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J Biol Chem. 1990 Feb 5;265(4):1946-51.

Ethanol increases extracellular adenosine by inhibiting adenosine uptake via the nucleoside transporter.

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Ernest Gallo Clinic and Research Center, University of California, San Francisco 94143.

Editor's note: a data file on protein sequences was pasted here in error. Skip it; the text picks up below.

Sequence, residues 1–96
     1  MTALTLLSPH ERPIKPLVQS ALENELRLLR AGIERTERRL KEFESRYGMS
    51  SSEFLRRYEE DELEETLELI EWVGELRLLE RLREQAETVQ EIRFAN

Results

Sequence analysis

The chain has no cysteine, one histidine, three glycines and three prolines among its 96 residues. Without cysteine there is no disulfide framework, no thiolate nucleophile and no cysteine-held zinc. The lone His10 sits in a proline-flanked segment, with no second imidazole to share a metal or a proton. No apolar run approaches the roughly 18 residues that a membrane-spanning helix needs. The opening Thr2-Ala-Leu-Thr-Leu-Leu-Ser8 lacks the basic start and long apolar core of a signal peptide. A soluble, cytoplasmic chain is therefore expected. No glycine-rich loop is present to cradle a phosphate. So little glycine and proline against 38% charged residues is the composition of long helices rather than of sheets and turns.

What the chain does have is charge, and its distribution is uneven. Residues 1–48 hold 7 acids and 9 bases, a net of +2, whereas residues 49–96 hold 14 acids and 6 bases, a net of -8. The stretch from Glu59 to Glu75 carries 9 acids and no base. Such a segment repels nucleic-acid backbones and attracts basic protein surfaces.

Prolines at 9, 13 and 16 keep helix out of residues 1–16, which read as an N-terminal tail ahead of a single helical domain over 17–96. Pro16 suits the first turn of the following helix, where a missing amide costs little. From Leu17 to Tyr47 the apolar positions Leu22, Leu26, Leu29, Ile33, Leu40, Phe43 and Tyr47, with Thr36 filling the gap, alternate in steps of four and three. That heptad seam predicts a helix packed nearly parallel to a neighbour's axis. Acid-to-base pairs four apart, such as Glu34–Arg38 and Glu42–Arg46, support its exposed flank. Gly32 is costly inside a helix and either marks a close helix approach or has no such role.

Chronic exposure to ethanol results in heterologous desensitization of receptors coupled to adenylyl cyclase via Gs, the stimulatory guanine nucleotide regulatory protein. Ethanol-induced accumulation of extracellular adenosine is required for the development of heterologous desensitization (Nagy, L. E., Diamond, I., Collier, K., Lopez, L., Ullman, B., and Gordon, A. S., Mol. Pharmacol., in press). To understand the mechanism underlying ethanol-induced increases in extracellular adenosine, we examined the interaction of ethanol with the adenosine transport system in S49 lymphoma cells. We found that ethanol inhibited nucleoside uptake without affecting deoxyglucose or isoleucine transport. Inhibition of adenosine uptake was due to decreased influx via the nucleoside transporter. Thus, ethanol-induced increases in extracellular adenosine appear to be due to inhibition of adenosine influx. After chronic exposure to ethanol, cells became tolerant to the acute effects of ethanol, i.e. ethanol no longer inhibited uptake. Consequently, ethanol no longer increased extracellular adenosine concentrations. Taken together with our previous studies, these results suggest that ethanol inhibition of adenosine influx leads to an increase in extracellular adenosine which causes an initial increase in intracellular cAMP levels and subsequent development of heterologous desensitization of cAMP signal transduction.

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